Greuel, Garcetti advance in municipal union's endorsement process
The powerful union that represents about 10,000 workers at City Hall has called two of the top mayoral candidates back for more questions Tuesday night -- raising the prospect of a pivotal endorsement five weeks before the election.
The Service Employees International Union failed to back any of the four leading contenders in the March 5 mayoral election after they appeared at a closed-door union forum nearly two months ago. But Greuel and Garcetti have been invited back by SEIU for a second round Tuesday, with each scheduled to field 45 minutes of questions from members, union officials said.
SEIU Local 721 spokesman Ian Thompson said the group wants to make sure "we don’t have another four years of the same anti-worker policies emanating from City Hall" -- a reference to the union's dissatisfaction with key budget moves by Mayor Antonio Villaraigosa and the City Council. And SEIU regional director David Sanders said certain questions needed to be posed to Garcetti, who was president of the council when approved the layoffs of about 360 city workers.“Eric … voted to lay off our members. He has to say why it happened. He has to own up to that,” Sanders said.
Last month, when the mayoral candidates appeared before the SEIU, Greuel zeroed in on the issue of layoffs and strongly implied that workers could not trust Garcetti. She also said in that appearance that she would be with the union “every step of the way.” Garcetti responded at the time by saying he would not apologize for votes that made sure the city “does not go bankrupt.” But he also spoke out against a new round of proposed layoffs.
Greuel had left the council by the time votes were taken to move thousands of workers off the general fund payroll, which pays for basic services. The vast majority took early retirement -- receiving pensions as much as five years early -- or took new jobs at other city agencies, such as the Department of Water and Power.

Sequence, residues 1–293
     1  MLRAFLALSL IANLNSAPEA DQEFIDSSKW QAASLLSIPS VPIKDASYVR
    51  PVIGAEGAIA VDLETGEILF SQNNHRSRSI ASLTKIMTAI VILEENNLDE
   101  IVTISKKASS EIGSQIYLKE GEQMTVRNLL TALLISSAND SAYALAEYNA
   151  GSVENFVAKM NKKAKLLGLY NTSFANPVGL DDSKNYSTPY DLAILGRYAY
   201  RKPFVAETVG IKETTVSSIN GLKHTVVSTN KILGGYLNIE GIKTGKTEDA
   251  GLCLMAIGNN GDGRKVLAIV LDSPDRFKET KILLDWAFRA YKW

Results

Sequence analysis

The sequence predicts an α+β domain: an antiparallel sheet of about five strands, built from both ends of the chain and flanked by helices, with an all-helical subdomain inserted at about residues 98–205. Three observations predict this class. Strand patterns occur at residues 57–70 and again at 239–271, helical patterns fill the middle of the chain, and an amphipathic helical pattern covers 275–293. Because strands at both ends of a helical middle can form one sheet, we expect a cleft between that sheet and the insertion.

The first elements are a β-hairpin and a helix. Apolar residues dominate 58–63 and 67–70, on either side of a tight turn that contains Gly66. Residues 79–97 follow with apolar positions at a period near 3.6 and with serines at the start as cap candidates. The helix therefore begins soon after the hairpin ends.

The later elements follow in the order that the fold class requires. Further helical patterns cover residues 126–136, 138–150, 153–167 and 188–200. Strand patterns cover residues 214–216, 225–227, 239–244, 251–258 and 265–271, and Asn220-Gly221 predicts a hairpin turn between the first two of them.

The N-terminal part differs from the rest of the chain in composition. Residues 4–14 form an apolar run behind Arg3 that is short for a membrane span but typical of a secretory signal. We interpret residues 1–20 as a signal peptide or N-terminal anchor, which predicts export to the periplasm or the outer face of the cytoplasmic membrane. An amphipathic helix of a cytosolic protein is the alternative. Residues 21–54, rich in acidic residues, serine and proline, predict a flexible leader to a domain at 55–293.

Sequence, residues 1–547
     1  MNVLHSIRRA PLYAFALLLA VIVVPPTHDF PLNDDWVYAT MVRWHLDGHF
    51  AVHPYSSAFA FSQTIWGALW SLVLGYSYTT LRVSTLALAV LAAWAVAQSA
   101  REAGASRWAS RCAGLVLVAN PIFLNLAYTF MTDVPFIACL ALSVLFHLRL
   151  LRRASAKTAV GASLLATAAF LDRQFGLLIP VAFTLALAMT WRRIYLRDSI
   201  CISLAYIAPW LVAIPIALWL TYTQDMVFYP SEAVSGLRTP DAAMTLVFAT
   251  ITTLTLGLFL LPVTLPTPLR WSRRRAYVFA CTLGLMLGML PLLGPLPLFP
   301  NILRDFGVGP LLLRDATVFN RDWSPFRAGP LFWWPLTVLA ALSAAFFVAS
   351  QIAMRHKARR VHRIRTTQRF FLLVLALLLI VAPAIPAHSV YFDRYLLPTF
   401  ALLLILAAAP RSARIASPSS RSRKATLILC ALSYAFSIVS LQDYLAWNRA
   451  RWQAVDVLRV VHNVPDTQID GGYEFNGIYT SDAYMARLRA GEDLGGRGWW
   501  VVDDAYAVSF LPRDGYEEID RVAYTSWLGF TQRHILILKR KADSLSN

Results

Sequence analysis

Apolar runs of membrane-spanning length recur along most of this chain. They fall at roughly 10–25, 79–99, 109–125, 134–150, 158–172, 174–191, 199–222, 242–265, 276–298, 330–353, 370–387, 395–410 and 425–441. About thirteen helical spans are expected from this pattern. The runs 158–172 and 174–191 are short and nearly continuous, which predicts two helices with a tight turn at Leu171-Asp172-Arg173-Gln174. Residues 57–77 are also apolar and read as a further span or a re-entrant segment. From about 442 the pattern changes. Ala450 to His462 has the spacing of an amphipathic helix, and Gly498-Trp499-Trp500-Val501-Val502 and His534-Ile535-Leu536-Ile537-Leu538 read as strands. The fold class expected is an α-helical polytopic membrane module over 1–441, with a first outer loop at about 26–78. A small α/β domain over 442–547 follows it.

Councilwoman Jan Perry, who was not invited to Tuesday's do-over, said she assumed the decision had been prearranged and predicted the SEIU would back Greuel. She said she failed to make the second round because she had had publicly voiced support for City Administrative Officer Miguel Santana, the budget official who first recommended layoffs and other cost-cutting strategies.
At their first forum, candidates were asked whether they would keep Santana. Greuel and Garcetti both ducked the question.
“I suspect I was not invited [back] because I was not willing to say that I am willing to terminate Miguel Santana," Perry said.
Thompson said Garcetti and Greuel were asked back because they were "the most viable candidates in the race." He disputed assertions that the decision had already been made by the union. "Our members will hear from both candidates, have an open discussion and then vote on an endorsement recommendation," he said in an e-mail. "No one yet has any idea what that recommendation will be. It’s up to the candidates to impress our members."
Even if members of various SEIU locals vote to endorse on Tuesday, Thompson said the recommendation would still need to be taken up by the union's executive board. A final decision would likely occur next week.
Garcetti could not be reached for comment. But a spokesman for Greuel said she would be “honored to have the support of the working men and women who keep our city running.”
Greuel spokesman Dave Jacobson said his client would "give it her all" at Tuesday's union forum. “It's anyone's guess what the outcome is going to be,” he added.
-- David Zahniser at Los Angeles City Hall